What Are the First Signs of Osteoporosis?

Reviewed on 8/16/2021

Some of the first signs of osteoporosis may include the appearance of a widow's hump, a fractured wrist or hip from a fall, loss of height, change in posture, sudden back pain, cramps in the legs at night, abdominal pain, tooth loss, rib pain, broken bones, fatigue, gum (periodontal) disease, brittle fingernails, and visible spinal deformities.
Some of the first signs of osteoporosis may include the appearance of a widow's hump, a fractured wrist or hip from a fall, loss of height, change in posture, sudden back pain, cramps in the legs at night, abdominal pain, tooth loss, rib pain, broken bones, fatigue, gum (periodontal) disease, brittle fingernails, and visible spinal deformities.

Osteoporosis is a condition that occurs when the body loses too much bone, makes too little bone, or both, resulting in weak bones that can break (fracture) easily. 

The word osteoporosis means “porous bone.” Healthy bone looks like a honeycomb when viewed under a microscope. Bones affected by osteoporosis have larger holes and spaces than healthy bone. 

Women are at higher risk for osteoporosis when estrogen levels decline, which usually happens during menopause, but men can also get osteoporosis. 

Symptoms of osteoporosis often do not appear until there is significant and irreversible bone loss. Some of the first signs of osteoporosis may include: 

  • The appearance of a widow's hump 
  • A fractured wrist or hip from a fall 
  • Loss of height
  • Change in posture
  • Sudden back pain 
  • Cramps in the legs at night
  • Abdominal pain
  • Tooth loss
  • Rib pain
  • Broken bones
  • Fatigue
  • Gum (periodontal) disease
  • Brittle fingernails
  • Visible spinal deformities 

What Causes Osteoporosis?

The main cause of osteoporosis is a loss of estrogen in women, which often occurs during menopause and is why about 80% of all cases of osteoporosis occur in women. 

Other causes of osteoporosis include: 

SLIDESHOW

Osteoporosis Super-Foods for Strong Bones With Pictures See Slideshow

How Is Osteoporosis Diagnosed?

Screening for osteoporosis is recommended for women 65 years and older and for women under 65 who have gone through menopause and have risk factors for osteoporosis, such as past bone fractures, certain medical conditions, use of certain medications, smoking, or alcohol use. 

The FRAX tool is an osteoporosis risk assessment test that uses information about a patient’s bone density and other risk factors for breaking a bone to estimate their 10-year fracture risk. 

Screening for osteoporosis involves physical examination, patient history, and bone density tests. 

Tests used to diagnose osteoporosis include: 

  • Bone mineral density (BMD) test
  • Dual energy X-ray absorptiometry (DXA), a type of bone scan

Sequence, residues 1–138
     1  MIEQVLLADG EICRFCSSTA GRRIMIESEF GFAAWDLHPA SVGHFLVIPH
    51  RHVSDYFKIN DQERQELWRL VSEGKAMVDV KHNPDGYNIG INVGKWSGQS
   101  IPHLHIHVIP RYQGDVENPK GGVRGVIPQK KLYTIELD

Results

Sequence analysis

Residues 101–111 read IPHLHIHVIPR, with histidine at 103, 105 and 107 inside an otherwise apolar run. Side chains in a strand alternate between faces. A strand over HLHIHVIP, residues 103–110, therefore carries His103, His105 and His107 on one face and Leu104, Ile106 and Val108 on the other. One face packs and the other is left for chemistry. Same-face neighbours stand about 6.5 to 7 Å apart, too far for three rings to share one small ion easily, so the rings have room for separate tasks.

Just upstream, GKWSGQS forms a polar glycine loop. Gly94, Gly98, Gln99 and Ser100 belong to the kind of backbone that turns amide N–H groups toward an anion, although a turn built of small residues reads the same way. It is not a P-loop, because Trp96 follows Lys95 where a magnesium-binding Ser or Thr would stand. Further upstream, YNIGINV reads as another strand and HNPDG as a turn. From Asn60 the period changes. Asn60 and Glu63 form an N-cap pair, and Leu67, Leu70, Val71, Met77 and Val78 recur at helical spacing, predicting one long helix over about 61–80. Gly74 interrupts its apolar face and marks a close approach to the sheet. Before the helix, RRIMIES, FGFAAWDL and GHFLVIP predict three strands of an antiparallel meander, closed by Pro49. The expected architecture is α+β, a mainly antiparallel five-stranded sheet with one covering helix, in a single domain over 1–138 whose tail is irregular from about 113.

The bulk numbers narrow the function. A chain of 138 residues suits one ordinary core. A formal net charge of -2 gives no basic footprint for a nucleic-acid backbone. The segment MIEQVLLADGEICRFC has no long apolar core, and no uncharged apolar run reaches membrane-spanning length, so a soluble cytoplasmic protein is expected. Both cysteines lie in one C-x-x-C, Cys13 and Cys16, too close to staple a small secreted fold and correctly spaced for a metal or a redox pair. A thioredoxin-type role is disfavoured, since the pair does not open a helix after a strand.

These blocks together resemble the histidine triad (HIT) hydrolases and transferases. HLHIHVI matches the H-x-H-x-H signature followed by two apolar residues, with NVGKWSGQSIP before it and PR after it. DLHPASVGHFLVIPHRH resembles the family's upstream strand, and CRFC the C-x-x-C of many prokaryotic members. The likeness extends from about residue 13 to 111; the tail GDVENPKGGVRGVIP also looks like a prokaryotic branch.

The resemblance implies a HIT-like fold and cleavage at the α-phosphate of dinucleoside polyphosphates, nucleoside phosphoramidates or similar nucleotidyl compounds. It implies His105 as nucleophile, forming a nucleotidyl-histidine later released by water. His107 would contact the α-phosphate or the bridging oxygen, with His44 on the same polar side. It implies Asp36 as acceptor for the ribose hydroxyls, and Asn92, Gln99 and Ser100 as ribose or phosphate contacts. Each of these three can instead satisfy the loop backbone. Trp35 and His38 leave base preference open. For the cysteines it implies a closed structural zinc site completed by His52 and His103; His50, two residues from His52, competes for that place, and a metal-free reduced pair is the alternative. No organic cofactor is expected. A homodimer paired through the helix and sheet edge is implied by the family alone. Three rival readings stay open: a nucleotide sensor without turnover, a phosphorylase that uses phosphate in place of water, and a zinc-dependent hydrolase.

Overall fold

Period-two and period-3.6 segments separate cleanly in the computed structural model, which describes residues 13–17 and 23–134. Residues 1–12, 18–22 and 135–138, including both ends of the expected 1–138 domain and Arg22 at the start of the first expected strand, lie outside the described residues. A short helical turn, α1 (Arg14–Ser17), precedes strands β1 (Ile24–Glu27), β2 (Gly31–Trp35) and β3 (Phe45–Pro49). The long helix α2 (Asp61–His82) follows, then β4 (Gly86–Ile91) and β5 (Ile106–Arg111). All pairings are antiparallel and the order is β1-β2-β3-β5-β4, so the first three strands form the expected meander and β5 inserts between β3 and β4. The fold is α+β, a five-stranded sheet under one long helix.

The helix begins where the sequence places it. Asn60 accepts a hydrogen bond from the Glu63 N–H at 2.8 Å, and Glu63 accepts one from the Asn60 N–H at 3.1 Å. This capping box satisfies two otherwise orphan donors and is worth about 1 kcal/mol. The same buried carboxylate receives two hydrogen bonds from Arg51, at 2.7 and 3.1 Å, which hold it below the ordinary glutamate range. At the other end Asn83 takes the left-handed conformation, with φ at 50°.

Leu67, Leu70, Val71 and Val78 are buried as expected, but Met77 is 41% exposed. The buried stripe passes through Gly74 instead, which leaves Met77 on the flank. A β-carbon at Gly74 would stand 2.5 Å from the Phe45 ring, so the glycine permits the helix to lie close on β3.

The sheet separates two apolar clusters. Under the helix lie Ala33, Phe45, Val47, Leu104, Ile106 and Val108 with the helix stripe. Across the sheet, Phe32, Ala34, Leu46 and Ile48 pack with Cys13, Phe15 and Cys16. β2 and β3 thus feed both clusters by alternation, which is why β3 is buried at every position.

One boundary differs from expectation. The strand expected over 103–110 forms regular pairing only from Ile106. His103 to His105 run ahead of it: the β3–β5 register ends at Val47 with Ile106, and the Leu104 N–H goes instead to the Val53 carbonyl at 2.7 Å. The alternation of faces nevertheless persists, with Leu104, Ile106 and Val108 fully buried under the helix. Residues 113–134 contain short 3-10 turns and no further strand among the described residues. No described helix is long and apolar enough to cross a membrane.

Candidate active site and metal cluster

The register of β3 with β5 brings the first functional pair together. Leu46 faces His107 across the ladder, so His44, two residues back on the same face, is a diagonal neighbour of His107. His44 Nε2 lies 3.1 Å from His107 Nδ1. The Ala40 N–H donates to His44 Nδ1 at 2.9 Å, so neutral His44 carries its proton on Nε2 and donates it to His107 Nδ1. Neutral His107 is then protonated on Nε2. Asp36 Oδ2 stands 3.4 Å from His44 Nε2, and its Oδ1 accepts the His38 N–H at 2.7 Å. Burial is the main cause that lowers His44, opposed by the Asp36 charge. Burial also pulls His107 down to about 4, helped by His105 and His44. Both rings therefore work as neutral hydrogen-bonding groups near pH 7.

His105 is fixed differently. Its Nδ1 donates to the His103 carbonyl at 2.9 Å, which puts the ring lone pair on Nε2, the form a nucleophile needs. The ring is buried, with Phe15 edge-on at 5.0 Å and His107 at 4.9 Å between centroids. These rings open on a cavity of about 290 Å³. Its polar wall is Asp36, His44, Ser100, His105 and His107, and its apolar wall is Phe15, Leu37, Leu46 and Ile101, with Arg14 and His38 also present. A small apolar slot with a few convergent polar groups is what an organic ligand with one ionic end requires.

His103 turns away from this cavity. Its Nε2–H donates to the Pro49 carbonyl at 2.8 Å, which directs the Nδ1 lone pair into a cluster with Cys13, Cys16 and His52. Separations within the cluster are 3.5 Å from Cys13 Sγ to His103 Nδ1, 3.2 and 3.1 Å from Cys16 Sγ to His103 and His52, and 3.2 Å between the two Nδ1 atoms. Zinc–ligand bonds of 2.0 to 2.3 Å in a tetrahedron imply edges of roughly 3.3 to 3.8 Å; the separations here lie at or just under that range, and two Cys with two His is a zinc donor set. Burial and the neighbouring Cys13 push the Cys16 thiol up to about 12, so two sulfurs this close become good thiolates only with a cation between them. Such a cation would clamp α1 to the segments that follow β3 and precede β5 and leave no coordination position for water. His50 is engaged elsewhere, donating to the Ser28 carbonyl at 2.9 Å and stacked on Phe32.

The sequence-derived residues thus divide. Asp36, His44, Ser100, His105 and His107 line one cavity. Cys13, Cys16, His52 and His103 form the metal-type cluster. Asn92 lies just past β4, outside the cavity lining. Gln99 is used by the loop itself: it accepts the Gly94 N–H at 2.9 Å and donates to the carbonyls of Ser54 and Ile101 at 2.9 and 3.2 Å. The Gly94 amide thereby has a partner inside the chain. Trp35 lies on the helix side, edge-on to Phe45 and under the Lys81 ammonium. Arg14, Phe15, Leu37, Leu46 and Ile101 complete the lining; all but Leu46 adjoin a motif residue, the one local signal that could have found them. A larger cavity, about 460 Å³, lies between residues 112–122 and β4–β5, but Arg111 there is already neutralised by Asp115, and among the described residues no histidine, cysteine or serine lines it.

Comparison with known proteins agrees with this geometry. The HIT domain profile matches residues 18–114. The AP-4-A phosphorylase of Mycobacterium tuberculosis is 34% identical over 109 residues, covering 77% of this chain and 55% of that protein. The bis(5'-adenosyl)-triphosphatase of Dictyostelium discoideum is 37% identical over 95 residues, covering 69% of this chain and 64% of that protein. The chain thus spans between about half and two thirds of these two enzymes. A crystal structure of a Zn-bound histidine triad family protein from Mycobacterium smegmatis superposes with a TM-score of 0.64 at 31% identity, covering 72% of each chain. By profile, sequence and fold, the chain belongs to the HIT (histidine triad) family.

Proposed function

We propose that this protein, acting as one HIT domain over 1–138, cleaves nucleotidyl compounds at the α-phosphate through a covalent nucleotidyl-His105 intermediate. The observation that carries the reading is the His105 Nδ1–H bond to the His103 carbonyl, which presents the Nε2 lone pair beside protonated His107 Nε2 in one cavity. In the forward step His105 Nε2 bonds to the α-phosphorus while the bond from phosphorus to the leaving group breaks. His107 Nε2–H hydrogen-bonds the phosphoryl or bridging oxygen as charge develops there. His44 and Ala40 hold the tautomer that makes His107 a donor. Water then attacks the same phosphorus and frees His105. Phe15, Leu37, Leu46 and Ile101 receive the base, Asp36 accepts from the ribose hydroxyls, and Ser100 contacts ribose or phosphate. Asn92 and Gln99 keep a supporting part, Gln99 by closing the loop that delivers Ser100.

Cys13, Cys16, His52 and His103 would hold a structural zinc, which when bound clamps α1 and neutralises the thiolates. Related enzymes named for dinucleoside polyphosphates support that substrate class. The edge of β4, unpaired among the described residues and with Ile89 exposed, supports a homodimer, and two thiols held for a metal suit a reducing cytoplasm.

• Biochemical marker tests
  • X-rays
  • Vertebral fracture assessments (VFAs)

What Is the Treatment for Osteoporosis?

Treatment for osteoporosis usually includes medication or hormonal therapy. 

Medications used to treat osteoporosis include: 

  • Bisphosphonates
  • Selective estrogen receptor modulators (SERMs)
    • Produces some estrogen-like effects in the bone and provides protection against postmenopausal bone loss
  • Hormone therapy with estrogen or estrogen-progestin 
    • Estrogen is not recommended to treat or prevent osteoporosis in postmenopausal women but it may be used to prevent osteoporosis in young women whose ovaries do not make estrogen
  • Denosumab (Prolia) 
    • An antibody that works to improve bone mineral density and reduce fractures in postmenopausal women with osteoporosis
  • Calcitonin 
    • No longer used to treat osteoporosis, but due to its pain-relieving effects it may be used for short-term therapy for acute pain due to vertebral fractures
  • Anabolic agents 
    • Only recommended for severe osteoporosis
  • Parathyroid hormone/parathyroid hormone-related protein 

What Are Complications of Osteoporosis?

Complications of osteoporosis include: 

  • Bone fractures
    • Most likely to occur in the hip, spine, or wrist, but may occur in other bones 
    • 20% of seniors who break a hip die within one year from complications related to the broken bone itself or the surgery to repair it
  • Permanent pain
  • Loss of height
  • Stooped or hunched posture
  • Limited mobility, which can lead to feelings of isolation or depression
  • Need for long-term nursing care

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Reviewed on 8/16/2021
References
https://www.nof.org/

https://www.uptodate.com/contents/osteoporosis-prevention-and-treatment-beyond-the-basics?search=osteoporosis&topicRef=15482&source=see_link

https://www.ucsfhealth.org/conditions/osteoporosis/symptoms

https://www.menopausenow.com/osteoporosis/about